Multi-awarded American musician and producer Quincy Jones was given an esteemed cultural award by France on Monday, October 6. Jones was bestowed with the Order of Arts and Letters, which is a highly important honor given to individuals who have made significant contributions to the arts.
The 81-year-old also received the Commander of the Legion of Honour, which is considered France’s highest civil award, in 2001, making this year’s award his second from France. Jones used to work in Paris during the 1950s, which may have been the beginning of strong ties he has established with the European country.
— FRANCE 24 (@FRANCE24) October 6, 2014
Jones, who is also nicknamed “Q,” received the Order of Arts and Letters from France’s former culture minister, Jack Lang. After receiving the honor, Jones praised the country that had so generously recognized his work.
“It’s thanks to France that jazz is what it is today. Even though I’m American, France is in my heart,” Jones said.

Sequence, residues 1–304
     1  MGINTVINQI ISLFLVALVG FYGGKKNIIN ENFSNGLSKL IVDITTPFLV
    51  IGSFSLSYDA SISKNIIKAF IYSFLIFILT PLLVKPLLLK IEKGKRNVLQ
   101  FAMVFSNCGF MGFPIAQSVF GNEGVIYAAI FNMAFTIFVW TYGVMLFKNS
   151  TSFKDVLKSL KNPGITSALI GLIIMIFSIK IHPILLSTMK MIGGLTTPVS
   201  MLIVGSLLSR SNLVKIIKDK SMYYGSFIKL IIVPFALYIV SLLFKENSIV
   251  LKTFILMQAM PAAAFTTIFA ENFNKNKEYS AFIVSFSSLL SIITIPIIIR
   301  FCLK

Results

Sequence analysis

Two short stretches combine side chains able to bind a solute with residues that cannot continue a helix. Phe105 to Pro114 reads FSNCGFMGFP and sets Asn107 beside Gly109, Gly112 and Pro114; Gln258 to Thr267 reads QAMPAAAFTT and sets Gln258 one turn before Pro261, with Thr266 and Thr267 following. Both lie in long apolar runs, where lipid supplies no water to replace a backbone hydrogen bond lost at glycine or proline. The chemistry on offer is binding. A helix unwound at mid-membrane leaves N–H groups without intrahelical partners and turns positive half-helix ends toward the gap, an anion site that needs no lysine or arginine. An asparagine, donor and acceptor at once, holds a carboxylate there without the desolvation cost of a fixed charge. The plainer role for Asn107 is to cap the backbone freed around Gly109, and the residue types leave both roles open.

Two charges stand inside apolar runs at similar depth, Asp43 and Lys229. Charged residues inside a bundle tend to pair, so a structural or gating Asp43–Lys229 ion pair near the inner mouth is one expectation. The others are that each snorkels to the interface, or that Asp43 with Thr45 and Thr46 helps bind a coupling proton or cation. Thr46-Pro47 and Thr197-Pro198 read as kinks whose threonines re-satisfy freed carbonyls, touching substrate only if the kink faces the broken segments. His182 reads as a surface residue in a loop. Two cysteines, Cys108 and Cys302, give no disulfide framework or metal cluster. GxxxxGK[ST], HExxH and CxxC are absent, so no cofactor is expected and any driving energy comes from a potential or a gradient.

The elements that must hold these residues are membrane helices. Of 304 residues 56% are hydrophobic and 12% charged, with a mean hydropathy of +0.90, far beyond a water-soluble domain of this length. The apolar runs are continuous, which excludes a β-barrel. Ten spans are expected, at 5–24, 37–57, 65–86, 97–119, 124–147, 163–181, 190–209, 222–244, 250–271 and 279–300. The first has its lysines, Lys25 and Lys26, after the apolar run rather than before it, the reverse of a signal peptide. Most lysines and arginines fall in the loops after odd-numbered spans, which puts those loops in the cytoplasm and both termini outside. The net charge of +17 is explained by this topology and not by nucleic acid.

Jones lauded France’s contribution to a genre that embraced his abilities as a jazz trumpet player. As a musician and producer, Jones has worked with big names in the music industry over a career that has spanned 60 years. His collaborators were esteemed artists in a variety of musical genres, with names including Jacques Brel, Frank Sinatra, Charles Aznavour, Barbara Streisand, Ray Charles, Count Basie, Henri Salvador, Duke Ellington and Michael Jackson.
Jones has won 27 Grammy Awards and garnered a record 79 Grammy nominations. The music legend was also given a Grammy Legend Award in 1991 for his great contribution to the music industry. Jones was one of two of the first African Americans to be nominated for an Academy Award for Best Original Song in 1968 for a tune called “The Eyes of Love,” which was penned for the Universal Pictures film Banning.